Todd: We are gonna tour but you gotta understand that I have been around the block enough times where I gotta be smart about this. For us to go out on tour off an EP doesn’t really make any sense. For us to regionally do the West Coast supporting Dag Nasty… that totally makes sense. In 2018 when we get our full length out then it will make sense because there will be a demand at that point. Then it will make sense for us to go out and make a real US run.


IE: I saw in some photos for those initial California shows that you guys played you made an old school style banner that you hung behind you while you played with Fireburn on it. 


Todd: Yeah man, we were getting ready for those first 3 shows that we did which were at a record store, a skateboard shop and a bowling alley. I said something like back in the day we would just get a bedsheet and a can of spray paint and spray paint the band name and that would be your backdrop. We got a yellow bedsheet from Bed Bath & Beyond and Nick and his girlfriend just made it down at his pad. 


Photo by: Ken Buglione

IE: You saying that is kind of funny in a way as I have noticed that I am not alone in being someone that has been into hardcore for a long time and find myself doing a lot of the same things that I did when I was a teenager.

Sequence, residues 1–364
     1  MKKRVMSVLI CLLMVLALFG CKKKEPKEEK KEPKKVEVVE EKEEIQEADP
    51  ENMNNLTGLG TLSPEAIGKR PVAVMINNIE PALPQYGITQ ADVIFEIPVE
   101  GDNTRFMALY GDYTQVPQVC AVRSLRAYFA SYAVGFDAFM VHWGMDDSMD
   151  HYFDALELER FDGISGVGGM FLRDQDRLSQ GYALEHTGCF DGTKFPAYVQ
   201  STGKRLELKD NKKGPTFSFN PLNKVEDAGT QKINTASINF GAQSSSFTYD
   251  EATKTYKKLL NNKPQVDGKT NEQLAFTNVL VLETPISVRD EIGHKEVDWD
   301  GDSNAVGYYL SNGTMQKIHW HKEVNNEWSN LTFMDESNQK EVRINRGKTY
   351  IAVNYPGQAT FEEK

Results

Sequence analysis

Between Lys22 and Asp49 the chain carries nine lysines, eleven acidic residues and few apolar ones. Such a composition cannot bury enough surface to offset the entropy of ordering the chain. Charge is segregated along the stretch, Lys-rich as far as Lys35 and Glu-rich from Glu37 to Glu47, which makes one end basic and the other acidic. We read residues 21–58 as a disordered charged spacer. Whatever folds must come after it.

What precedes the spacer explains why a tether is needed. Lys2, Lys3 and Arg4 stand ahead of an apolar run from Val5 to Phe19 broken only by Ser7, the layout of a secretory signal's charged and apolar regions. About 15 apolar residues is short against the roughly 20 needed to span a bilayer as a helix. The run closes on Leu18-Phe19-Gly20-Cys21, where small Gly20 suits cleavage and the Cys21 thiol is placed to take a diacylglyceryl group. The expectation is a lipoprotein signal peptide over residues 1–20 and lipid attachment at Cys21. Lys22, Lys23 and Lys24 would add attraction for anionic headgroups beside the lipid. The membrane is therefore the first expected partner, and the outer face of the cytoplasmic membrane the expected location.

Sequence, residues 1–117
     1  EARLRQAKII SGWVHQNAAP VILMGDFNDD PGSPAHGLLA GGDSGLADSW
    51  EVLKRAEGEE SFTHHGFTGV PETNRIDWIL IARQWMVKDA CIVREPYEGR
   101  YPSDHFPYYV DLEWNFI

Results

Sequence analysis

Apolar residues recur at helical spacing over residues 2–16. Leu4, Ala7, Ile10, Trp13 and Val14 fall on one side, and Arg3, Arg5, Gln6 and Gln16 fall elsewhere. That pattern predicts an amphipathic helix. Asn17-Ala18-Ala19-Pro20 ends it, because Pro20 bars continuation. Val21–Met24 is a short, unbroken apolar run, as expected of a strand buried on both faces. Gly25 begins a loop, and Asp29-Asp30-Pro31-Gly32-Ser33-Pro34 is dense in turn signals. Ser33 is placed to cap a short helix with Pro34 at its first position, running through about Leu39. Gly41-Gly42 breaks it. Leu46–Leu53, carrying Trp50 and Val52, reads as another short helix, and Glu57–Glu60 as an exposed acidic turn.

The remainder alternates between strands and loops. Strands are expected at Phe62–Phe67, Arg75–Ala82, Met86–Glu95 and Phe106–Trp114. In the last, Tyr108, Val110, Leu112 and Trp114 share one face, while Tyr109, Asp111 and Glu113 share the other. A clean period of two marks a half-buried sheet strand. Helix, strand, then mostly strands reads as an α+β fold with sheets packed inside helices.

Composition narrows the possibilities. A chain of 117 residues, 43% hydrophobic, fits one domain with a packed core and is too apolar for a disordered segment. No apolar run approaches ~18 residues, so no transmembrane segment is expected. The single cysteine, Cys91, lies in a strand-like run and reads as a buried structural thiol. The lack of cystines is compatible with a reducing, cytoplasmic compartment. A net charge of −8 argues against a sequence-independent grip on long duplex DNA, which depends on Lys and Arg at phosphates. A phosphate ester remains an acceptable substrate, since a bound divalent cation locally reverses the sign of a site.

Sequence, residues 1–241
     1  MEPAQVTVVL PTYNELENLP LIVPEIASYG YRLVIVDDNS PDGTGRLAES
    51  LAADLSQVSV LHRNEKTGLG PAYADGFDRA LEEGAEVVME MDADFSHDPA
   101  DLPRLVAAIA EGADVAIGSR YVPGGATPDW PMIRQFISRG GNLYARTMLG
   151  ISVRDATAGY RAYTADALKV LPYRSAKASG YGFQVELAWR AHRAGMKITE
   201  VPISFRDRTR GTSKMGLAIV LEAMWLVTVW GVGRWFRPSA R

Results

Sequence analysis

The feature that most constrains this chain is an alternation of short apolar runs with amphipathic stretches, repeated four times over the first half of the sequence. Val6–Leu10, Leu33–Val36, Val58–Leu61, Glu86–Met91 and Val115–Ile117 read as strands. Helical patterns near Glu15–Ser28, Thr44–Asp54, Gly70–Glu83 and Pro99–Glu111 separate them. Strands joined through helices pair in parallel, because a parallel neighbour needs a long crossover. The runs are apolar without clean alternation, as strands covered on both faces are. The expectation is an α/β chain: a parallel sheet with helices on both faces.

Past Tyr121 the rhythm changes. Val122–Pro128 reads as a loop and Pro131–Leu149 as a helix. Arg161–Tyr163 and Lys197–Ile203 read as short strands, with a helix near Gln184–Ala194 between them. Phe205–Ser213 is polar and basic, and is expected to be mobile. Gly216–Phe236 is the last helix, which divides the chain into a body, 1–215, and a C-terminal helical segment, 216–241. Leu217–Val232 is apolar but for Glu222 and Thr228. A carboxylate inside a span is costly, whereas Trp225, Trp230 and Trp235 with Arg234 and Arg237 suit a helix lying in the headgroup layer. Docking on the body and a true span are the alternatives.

Israel: We are the Toys R Us generation, we don’t wanna grow up!


Todd: That shit keeps us young.


Israel: Keeping the dream alive, keeping your wonder about life, keeping your fervor for wanting to do stuff. I am 46, gonna be 47 in February, man I am telling you, I don’t know if I should admit this or not but really I do not feel a day older than my early 20’s. I still feel like that guy. It is just that mentality we have for the music we listen to, the culture. Whether were doing rap, hardcore, hip-hop, reggae, that whole mid-80’s to mid-90’s deal and what inspired us from before that got us going man. I looked at a lot of people at that Raybeez show and I was thinking all of us are still on fire. That’s great.